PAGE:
Parrot's little, lightweight Bebop Drone is fun, but flawed
With it's 14 megapixel camera and fisheye, F-22 lens, 1080p full HD video capture and the ability to fly by smartphone or tablet or a full fledged controller.
Parrot Bebop Drone looks like a great starting place for anyone interested in capturing better than average areal photos and video.
In reality, it's got a handful of potential deal breakers to make you put away your wallet.
I'm Josh Goldman with CNet, and the first thing is likely the battery life.
Its batteries are rated up to 11 minutes, and while you get two of them, you'll of course have to stop your flight to land safely and swap them out.
And I also never got that much flight time out of them.
The video quality's okay but soft and had some aliasing artifacts and frequently flickered when adjusting for light conditions.
Video and photos are stored to its eight gigs of internal memory but once it's full you either have to transfer wirelessly to your phone or tablet or plug into a computer And turn it on while you transfer.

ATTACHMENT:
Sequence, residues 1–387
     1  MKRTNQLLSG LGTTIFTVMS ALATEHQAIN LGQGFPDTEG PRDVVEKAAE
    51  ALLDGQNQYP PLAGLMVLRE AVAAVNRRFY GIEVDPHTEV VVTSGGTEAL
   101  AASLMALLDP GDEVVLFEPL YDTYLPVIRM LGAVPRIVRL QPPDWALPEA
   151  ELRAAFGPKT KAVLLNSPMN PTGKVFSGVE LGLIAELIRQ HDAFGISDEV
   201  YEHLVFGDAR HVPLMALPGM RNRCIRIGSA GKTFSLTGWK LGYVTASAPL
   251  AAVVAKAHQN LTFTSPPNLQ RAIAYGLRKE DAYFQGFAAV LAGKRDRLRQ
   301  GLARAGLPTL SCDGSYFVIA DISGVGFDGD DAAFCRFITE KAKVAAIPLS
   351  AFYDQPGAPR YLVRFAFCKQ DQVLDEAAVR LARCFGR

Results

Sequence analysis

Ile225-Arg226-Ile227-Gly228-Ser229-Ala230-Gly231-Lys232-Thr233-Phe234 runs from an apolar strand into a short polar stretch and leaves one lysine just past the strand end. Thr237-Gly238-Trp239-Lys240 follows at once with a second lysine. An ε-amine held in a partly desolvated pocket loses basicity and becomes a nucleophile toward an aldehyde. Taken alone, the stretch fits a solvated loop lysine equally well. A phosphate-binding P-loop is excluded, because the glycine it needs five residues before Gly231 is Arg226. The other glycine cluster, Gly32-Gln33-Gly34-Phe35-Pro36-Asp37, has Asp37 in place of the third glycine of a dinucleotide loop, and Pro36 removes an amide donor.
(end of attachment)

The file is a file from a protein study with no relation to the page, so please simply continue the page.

It's easy enough to fly with your mobile device, but using touch alone takes practice.
You can buy the Bebop bundled with Pirate's sky controller which gives you physical controls.
However, the bundle is $900, and at that price, it's competing with more capable models from DJI and 3D Robotics among others.
The Bebop alone is $500, which is pricey but not entirely unreasonable given what it can do, and how small and light it is.
But even that advantage has its downside, in that it has a tough time staying stable in wind.
You can read the full review on cnet.com, but basically if you want something compact that you can throw in a backpack and have a few minutes of fun.
And capture some scenic video, it's a good, easy-to-learn option.
Otherwise you'll want to look elsewhere.
I'm Josh Gowman and that's a quick look at the parrot bebop drone.